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I have a Python script that parses BZ2 compressed logfiles using regex.

We were getting pretty poor performance, which I initially thought was my regex - however, when I looked further, it seems bz2file was performing poorly.

We are using Python 2.6, and bz2file 0.9.

I've noticed that sequentially reading the file using Bz2file (http://pypi.python.org/pypi/bz2file) appears substantially slower than that using the in-built bz2 implementation.

I wrote two test scripts - one using bz2:

import bz2
filename = 'some_bz2file.bz2'

if __name__ == "__main__":
    f = bz2.BZ2File(filename, 'rb')
    for line in f:

and another using bz2file:

import bz2file
filename = 'some_bz2file.bz2'

if __name__ == "__main__":
    f = bz2file.BZ2File(filename, 'rb')
    for line in f:

I time them both:

$ time python26 testbz.py  > /dev/null

real    0m0.608s
user    0m0.596s
sys     0m0.011s

$ time python26 testbz2file.py > /dev/null

real    0m12.035s
user    0m11.952s
sys     0m0.075s

For comparison, bzcat on the same file:

$ time bzcat some_bz2file.bz2 > /dev/null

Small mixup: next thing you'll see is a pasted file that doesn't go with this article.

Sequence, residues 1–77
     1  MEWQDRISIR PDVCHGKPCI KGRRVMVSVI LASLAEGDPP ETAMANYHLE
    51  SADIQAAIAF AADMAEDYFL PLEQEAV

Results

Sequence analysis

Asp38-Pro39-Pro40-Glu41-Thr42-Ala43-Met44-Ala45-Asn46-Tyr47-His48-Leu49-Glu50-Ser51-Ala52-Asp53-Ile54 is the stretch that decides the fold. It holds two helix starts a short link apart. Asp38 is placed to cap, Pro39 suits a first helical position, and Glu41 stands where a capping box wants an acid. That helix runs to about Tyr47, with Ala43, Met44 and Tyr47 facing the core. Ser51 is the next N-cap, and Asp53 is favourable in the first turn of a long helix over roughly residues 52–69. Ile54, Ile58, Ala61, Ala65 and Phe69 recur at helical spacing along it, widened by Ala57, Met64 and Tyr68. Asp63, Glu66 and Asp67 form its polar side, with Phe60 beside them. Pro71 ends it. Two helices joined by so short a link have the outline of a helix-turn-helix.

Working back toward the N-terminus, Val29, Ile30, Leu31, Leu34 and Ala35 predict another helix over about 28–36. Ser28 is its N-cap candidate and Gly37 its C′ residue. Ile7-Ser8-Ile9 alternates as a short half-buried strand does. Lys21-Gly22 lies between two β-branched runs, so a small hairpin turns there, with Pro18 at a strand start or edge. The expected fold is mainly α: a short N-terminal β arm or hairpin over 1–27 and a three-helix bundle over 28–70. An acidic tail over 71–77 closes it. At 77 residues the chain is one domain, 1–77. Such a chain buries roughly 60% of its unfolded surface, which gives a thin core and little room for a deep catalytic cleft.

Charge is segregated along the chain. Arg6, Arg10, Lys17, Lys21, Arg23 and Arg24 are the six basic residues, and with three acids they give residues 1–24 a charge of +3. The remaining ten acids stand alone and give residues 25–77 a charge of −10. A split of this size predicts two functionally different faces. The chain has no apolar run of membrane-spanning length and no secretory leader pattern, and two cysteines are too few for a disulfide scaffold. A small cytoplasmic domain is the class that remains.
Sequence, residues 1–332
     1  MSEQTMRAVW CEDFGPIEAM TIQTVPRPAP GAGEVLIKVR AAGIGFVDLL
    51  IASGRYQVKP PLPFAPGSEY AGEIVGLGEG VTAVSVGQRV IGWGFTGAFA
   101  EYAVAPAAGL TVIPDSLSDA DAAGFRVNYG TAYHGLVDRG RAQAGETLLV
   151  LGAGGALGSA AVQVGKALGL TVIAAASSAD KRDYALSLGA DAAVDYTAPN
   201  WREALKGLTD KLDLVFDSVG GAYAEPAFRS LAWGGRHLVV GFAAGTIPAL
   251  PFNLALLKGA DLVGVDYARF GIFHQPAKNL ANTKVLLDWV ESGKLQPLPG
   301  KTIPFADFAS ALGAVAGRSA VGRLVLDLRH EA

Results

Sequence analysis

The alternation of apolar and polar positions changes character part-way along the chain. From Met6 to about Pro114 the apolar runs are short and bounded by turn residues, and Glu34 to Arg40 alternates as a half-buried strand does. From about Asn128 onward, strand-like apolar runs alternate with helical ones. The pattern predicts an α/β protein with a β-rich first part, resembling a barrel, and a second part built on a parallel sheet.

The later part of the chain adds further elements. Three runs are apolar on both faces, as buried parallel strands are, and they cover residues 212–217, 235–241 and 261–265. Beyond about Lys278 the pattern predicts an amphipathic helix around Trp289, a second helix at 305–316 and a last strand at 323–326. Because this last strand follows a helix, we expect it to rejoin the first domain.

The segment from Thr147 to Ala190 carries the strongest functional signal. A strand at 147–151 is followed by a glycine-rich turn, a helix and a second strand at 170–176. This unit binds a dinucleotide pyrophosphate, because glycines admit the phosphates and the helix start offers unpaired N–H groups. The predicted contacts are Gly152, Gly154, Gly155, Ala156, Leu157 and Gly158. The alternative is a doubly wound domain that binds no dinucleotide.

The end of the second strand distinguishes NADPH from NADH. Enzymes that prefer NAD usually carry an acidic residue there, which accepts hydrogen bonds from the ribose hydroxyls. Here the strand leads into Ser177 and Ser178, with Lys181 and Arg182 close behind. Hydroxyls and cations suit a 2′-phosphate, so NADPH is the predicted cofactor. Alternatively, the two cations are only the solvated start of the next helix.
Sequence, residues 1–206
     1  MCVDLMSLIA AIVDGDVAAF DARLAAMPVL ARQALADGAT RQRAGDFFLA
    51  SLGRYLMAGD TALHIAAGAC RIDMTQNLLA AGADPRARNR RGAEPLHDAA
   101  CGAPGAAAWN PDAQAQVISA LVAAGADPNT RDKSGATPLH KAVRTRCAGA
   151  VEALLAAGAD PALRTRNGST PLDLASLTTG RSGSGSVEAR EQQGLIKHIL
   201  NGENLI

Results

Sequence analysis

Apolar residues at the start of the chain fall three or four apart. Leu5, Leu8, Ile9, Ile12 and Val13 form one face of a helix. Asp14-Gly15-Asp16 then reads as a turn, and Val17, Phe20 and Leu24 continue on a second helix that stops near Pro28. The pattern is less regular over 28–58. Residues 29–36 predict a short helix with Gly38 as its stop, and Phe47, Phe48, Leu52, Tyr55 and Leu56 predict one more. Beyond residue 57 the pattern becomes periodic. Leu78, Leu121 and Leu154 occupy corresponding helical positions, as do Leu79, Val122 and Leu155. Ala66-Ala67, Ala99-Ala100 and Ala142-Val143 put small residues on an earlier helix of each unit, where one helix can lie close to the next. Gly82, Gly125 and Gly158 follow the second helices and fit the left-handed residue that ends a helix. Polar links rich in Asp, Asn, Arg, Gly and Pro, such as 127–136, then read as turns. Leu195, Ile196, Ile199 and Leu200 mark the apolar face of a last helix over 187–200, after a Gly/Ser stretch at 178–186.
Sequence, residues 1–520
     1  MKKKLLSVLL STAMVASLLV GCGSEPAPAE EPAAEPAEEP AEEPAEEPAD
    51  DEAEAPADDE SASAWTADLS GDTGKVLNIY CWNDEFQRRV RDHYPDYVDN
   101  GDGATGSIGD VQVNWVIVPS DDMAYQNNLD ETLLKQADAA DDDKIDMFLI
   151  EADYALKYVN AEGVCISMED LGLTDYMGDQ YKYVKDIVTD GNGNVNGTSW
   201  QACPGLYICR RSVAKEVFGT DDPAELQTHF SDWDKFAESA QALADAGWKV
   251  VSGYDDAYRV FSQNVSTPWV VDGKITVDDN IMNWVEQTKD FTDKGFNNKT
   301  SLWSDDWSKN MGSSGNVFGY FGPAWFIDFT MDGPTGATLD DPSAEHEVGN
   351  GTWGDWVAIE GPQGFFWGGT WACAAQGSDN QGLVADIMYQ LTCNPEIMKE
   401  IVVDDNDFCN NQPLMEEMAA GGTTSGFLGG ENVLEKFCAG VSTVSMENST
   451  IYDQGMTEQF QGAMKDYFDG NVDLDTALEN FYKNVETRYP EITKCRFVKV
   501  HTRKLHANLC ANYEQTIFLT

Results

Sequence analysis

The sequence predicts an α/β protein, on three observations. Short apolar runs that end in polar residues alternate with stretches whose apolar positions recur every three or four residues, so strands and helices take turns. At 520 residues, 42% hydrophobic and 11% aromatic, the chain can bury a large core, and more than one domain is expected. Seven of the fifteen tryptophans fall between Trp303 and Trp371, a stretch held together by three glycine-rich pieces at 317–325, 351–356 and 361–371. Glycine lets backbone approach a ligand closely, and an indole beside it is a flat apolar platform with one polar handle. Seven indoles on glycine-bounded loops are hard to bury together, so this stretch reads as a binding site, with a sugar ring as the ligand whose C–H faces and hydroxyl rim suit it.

real    0m0.503s
user    0m0.499s
sys     0m0.004s

My understanding was that bz2file was just a wrapper about bz2, but adding handling for multiple-stream BZ2 files (which we do use).

Is there any other reason why bz2file might be so much slower than bz2? (Or is my analysis above flawed?) And if so, is there any way to speed up bz2file?

Cheers, Victor

Edit - I did some more testing, including on Python 3.3 - apparently bz2file is a backport of Python 3.3's bz2 module - and also flushing caches as jordanm suggests (I did this in a separate terminal between each run, as root):

[vichoo@dev_desktop_vm Desktop]$ time /opt/python3.3/bin/python3.3 testbz2.py > /dev/null

real    0m5.170s
user    0m5.009s
sys     0m0.030s
[vichoo@dev_desktop_vm Desktop]$ time /opt/python3.3/bin/python3.3 testbz2file.py > /dev/null

real    0m5.245s
user    0m4.979s
sys     0m0.060s
[vichoo@dev_desktop_vm Desktop]$ time /opt/python2.7/bin/python2.7 testbz2.py > /dev/null

real    0m0.500s
user    0m0.410s
sys     0m0.030s
[vichoo@dev_desktop_vm Desktop]$ time /opt/python2.7/bin/python2.7 testbz2file.py > /dev/null

real    0m5.801s
user    0m5.529s
sys     0m0.050s

There does seem to be something funny here, not sure if it's my methodology, or if there is an actual performance regression between Python 2.x's bz2 and Python 3.x's bz2.

share|improve this question
Anytime you do performance comparison on something that involves I/O, you should flush the kernel's disk cache. In Linux, you can use echo 3 > /proc/sys/vm/drop_caches. –  jordanm Sep 25 '12 at 3:56
Thanks for the note, I've added that in, and run the tests, and also added in Python 3.x. –  victorhooi Sep 25 '12 at 4:40

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